Root, Root, Root, Who’s My Home Team?

So here we go again, Super Bowl Sunday. It is the last sporting event worth watching for the next six months, unless you can work up enthusiasm for what Dan Jenkins used to call nitwit golf, or tall men in their underwear jumping up in the air every ten seconds for two hours, or for baseball. The latter is okay in a summer ballpark with a hot dog, peanuts and Cracker Jack, but it’s a snooze on TV since it goes too slow and takes too long.

The trouble with the Super Bowl is that it is almost always a huge anti-climax. The conference playoff games leading up to it are often thrilling, followed by a Super Bowl that is either a blowout or a low-scoring slugfest reminiscent of soccer. Up the field one way, down the field the other, no points.

There’s also the fact that the two teams left are of interest to very few fans since 94% of the teams have been eliminated from the fun. Their followers are not at home cheering so much as weeping in front of the big screen while other luckier people are overdosing on guacamole and Buffalo wings.

I grew up as a Cleveland Browns fan until they were stolen away by greedy owner Art Modell who now occupies the same circle in Hell as Walter O’Malley (Brooklyn Dodgers) Bob Irsay (Indianapolis Colts) and all the other disloyal weasels who have moved teams, choosing money over the fans. I could hardly become a Steelers fan since they were the arch enemy of Cleveland, nor the Bengals since they were founded by turncoat Paul Brown.

When I moved to the Carolinas there was no local team. Twenty states are still in the same teamless situation and nine others have to share. New England is the team of six states, though lots of Connecticut folks turn their eyes toward New York. Kansas and Missouri share a team as do the two Carolinas and Cincinnati and Kentucky.

Until the Panthers were created, Carolinians had to choose between the Redskins and the Falcons. I never warmed to either, though in the days when Joe Gibbs was beating up on the Cowboys he got my vote just because anyplace calling itself America’s Team deserves to lose. Are the teams of every other city not American? That’s pretty uppity for a state that keeps lamenting the fact that it ever stopped being a separate Republic and keeps threatening to secede from the union – again!

Given our increasingly polarized politics, it may be necessary to think seriously about rooting for teams based on whether they are in Blue States or Red States. In fact, the NFL might want to consider rearranging the league into Reb (0h, sorry, Red) and Blue Conferences so the Super Bowl would always pit teams like New England, New York, San Francisco, Seattle against Texas, Atlanta, Tennessee, New Orleans. The fights in the stands would probably be better than the games on the field.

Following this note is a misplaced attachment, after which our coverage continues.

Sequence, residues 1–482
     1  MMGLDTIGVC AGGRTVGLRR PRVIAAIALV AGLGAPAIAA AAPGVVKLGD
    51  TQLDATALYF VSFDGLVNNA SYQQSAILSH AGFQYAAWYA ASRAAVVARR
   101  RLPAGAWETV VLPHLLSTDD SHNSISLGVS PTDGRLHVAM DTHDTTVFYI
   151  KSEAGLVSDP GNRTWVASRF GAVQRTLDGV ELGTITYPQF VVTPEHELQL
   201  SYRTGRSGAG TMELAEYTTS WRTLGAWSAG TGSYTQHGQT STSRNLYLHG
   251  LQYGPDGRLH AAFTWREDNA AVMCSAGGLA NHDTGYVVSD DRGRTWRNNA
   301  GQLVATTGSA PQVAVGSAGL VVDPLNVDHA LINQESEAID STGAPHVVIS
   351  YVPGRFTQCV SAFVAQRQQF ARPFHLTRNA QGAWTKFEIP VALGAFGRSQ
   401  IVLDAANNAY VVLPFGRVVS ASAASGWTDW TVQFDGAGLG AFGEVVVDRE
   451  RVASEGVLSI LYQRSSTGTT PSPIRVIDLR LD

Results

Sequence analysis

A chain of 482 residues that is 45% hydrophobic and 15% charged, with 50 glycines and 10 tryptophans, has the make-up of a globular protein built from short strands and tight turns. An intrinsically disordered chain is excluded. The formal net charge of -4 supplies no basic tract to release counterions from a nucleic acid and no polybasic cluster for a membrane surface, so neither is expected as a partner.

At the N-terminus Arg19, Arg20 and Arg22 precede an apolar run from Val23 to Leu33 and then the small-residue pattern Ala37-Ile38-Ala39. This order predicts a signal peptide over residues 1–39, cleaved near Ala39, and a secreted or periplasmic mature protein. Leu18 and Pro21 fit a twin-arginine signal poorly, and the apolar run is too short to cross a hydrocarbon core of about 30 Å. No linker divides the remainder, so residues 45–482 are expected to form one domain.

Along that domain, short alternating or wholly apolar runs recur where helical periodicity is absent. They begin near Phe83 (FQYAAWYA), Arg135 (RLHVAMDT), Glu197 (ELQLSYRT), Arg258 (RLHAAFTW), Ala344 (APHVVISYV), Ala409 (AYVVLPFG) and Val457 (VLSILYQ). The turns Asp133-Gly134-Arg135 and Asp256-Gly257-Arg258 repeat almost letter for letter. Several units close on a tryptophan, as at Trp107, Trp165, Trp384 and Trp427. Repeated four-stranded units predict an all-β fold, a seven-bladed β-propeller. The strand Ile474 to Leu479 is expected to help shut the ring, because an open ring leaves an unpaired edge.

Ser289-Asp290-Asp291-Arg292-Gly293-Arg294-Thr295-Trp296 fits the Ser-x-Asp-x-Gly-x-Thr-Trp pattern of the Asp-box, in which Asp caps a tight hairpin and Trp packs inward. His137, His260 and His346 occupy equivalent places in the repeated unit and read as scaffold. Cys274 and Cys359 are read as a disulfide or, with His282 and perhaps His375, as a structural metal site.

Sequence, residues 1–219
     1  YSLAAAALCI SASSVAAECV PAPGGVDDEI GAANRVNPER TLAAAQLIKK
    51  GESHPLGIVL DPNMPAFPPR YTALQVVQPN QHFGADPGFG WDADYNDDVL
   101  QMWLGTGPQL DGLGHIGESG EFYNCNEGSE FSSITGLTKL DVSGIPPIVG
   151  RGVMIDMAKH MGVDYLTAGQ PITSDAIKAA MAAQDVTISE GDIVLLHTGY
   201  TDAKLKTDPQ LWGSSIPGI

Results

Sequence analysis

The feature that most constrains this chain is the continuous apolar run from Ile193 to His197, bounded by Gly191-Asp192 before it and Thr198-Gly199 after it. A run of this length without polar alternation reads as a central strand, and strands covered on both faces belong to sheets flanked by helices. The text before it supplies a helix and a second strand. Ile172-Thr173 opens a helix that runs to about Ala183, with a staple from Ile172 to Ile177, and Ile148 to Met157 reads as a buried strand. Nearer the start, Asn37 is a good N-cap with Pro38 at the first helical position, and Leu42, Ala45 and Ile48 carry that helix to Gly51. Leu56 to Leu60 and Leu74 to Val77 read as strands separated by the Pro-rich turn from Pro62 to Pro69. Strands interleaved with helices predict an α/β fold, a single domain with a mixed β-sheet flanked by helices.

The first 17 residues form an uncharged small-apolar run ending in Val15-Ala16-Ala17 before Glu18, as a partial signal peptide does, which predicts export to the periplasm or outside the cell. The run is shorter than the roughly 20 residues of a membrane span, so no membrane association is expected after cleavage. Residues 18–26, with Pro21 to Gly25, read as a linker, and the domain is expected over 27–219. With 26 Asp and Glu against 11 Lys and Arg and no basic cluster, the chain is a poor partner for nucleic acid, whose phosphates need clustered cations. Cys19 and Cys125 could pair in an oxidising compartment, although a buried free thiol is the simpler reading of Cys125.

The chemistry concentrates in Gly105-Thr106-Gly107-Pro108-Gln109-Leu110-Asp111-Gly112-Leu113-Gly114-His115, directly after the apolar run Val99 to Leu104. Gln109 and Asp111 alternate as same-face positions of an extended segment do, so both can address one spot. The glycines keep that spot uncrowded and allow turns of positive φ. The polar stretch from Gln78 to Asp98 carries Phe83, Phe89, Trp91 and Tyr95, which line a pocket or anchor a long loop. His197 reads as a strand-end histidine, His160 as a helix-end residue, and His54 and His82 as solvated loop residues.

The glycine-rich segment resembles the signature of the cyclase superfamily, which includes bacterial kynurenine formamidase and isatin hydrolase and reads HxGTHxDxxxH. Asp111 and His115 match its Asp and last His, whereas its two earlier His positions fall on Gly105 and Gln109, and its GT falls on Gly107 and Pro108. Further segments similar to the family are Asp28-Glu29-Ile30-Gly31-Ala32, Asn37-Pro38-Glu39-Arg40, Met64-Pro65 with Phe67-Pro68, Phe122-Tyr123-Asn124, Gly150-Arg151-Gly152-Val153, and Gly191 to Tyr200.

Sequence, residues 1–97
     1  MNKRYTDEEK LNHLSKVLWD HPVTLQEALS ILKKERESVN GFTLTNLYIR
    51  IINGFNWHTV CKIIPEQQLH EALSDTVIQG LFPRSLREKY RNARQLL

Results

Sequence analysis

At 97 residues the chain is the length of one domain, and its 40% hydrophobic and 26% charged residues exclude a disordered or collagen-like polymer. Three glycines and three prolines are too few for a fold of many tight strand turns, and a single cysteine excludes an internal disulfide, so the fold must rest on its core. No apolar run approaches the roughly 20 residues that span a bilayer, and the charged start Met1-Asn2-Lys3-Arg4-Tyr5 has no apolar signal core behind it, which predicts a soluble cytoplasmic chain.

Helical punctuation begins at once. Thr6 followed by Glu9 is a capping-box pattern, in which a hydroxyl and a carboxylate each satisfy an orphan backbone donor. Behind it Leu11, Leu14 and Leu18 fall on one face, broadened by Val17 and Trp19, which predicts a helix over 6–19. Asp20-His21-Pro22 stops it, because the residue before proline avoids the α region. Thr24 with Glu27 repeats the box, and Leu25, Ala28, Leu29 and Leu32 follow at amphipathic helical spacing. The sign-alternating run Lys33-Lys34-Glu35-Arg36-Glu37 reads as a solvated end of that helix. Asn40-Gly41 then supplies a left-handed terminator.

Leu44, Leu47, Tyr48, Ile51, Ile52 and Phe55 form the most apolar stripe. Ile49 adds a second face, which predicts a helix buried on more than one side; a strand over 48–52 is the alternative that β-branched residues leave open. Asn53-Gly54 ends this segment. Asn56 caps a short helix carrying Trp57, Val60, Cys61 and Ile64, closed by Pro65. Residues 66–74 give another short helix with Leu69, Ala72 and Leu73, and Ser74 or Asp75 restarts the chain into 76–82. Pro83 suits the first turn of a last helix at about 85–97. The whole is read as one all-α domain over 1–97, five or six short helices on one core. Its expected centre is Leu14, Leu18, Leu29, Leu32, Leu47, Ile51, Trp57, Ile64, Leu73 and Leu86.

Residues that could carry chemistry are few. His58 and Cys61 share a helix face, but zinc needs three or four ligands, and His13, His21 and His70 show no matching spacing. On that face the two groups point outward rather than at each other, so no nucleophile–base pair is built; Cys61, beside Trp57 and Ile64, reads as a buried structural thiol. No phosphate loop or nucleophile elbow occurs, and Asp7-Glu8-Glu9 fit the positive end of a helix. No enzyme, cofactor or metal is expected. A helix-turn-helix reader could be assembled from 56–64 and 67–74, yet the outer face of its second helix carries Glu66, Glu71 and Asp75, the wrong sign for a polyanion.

During several decades when I no longer lived in Ohio but before the Panthers gave the Carolinas a team, I had none to actually call my own. The substitute Browns weren’t the real thing but an ersatz imitation, and it was unthinkable to cheer for the traitorous Ravens. I tended to adopt oddball underdogs like Oakland or the Jets or teams that were simply too beautiful not to root for like Walsh’s Forty-Niners or Belichick’s Patriots.

But since the Browns are no more and the Panthers have come to Carolina, they are the home team, and I’m for them. This year I’d be for them no matter where I lived because Elway’s Broncos regularly dashed the hopes of the old Cleveland Browns, knocking them out in the Conference Championship game in 1986, 1987 and 1989. For fans of schadenfreude, the Broncos lost all three of the subsequent Super Bowls by the following margins – 39-20 to the Giants, 42-10 to the Redskins, 55-10 to San Francisco. Ha Ha Ha. Disappointed fans have long memories and hold grudges, so “Go Cam!” And “Screw you, Broncos,” and the Papa John’s and Nationwide shilling, geriatric quarterback you rode in on.

The worst thing about being a football fan at Super Bowl time (or any time frankly) is the fact that the sport is not just a chess game but also a war of attrition. By this late in the season the teams in the Super Bowl aren’t the best men, but the last men standing. At least nitwit golf is largely played by people who are intact into their golden years and who rarely have sustained head injuries, unless — like Tiger – the wives they’ve been cheating on have used a niblick to take a divot out of their noggins.

I’d say more, but the hype is ending and the kick off looms. Let the snacking begin.

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